Green cleaning vs bleach

bleach bottleChlorine bleach has been around for a couple of centuries. No one thought of using it as a cleaning agent until about 100 years ago. The company now known as Clorox began operations in 1913 making bleach for industrial use.

It was not until 1916 that Annie Murray, the wife of the general manager, suggested making a less concentrated bleach for household use. She and her husband had invested in the Electro-Alkaline Company, Clorox’ original name, and watched it almost go bankrupt.

As a successful grocery store owner, she had proven talent as a marketer. She gave away bottles of Clorox at the store and touted its virtues not only for bleaching, but cleaning and disinfecting. It caught on.

Why use bleach for cleaning?

Chlorine bleach is powerful for killing not only germs, but mold and mildew as well. The same whitening power that whitens fabric washed in it removes stains from other surfaces as well. It works.

It also stinks. It’s caustic. Clorox and other companies therefore have mixed bleach into other cleaning products where it works its magic without being so unpleasant to use.

Still, it’s hard to separate the success of that stinky product from the marketing that made Clorox a household name. The public has come to trust the brand.

People in this country have also become irrationally scared of germs — more scared of germs than they are other, more immediate and dangerous hazards. How many modern homemakers clean their bathrooms with bleach straight from the bottle?

“I can’t breathe while I’m doing it,” says one, “but I feel like it’s cleaning. It’s disinfecting. I see it. Whereas if I use something environmentally healthy it isn’t as harsh, but I feel like it’s not doing its job, keeping my baby safe.”

Why you shouldn’t use bleach for cleaning

You can’t breathe while you’re using bleach because chorine gas is a deadly poison. You’re endangering your health.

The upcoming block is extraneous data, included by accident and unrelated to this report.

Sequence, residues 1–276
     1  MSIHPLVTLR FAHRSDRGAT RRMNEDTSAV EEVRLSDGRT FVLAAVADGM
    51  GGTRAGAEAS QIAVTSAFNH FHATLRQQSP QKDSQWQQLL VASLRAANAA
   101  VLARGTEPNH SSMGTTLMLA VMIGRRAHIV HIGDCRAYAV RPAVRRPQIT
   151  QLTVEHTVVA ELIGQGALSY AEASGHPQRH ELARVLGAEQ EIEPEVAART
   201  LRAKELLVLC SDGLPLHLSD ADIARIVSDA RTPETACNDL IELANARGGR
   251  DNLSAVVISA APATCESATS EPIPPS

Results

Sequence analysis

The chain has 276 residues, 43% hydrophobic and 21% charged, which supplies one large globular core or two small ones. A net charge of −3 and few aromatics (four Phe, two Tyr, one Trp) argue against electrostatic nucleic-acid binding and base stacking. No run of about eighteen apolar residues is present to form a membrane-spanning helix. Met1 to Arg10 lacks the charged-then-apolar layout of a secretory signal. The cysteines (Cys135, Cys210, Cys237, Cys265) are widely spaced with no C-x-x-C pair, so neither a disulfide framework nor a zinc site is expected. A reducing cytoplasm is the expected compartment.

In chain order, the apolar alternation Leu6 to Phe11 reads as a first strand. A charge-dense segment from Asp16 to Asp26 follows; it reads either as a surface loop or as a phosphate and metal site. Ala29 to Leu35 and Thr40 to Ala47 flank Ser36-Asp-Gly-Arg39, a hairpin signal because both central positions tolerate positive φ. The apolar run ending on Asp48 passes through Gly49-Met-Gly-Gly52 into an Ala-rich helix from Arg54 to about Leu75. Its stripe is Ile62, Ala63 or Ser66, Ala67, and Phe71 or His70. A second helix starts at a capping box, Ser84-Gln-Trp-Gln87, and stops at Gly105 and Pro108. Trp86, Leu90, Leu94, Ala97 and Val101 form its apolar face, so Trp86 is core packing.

Bleach vapor causes irritation to the eyes at a concentration of 3-6 ppm in the air. Nose and throat irritation takes place at 15 ppm.

Unless you live in a very old house, it is sealed. Because exchange of indoor and outdoor air is limited, air pollution rise higher levels indoors than outdoors. So what happens to the bleach vapors that keep you from breathing while you use it? They stay in the house and accumulate. The baby may be safe from germs, but not from the accumulation of bleach vapor.

Environmentally safe cleaners

I admire the Clorox company. Chlorine bleach is their signature product. Companies that market tobacco, high fructose corn sweetener, genetically modified organisms, and other dangerous products have circled the wagons to defend them. Some  have even interfered with the dissemination of scientific studies in the news media.

Not Clorox. Clorox now sells an entire line of household products, Green Works, that do not contain chlorine bleach.

And yet many consumers still seem to think, or rather feel, that if something is touted as good for the environment, it must not work very well! If something is harsh, it feels like it’s working. If something isn’t harsh, it no longer feels like it’s working. That doesn’t mean that it isn’t.

Meanwhile, the harsh cleansers are as harsh on your body as they are on germs. They are less dangerous to others in the household than they are to whoever directly uses the bleach, but arguably more dangerous than most of the germs. Safe products clean and disinfect effectively. They really do.

Sources: Clorox Company Timeline
Chlorine / Wisconsin Department of Health Services
Photo source unknown.


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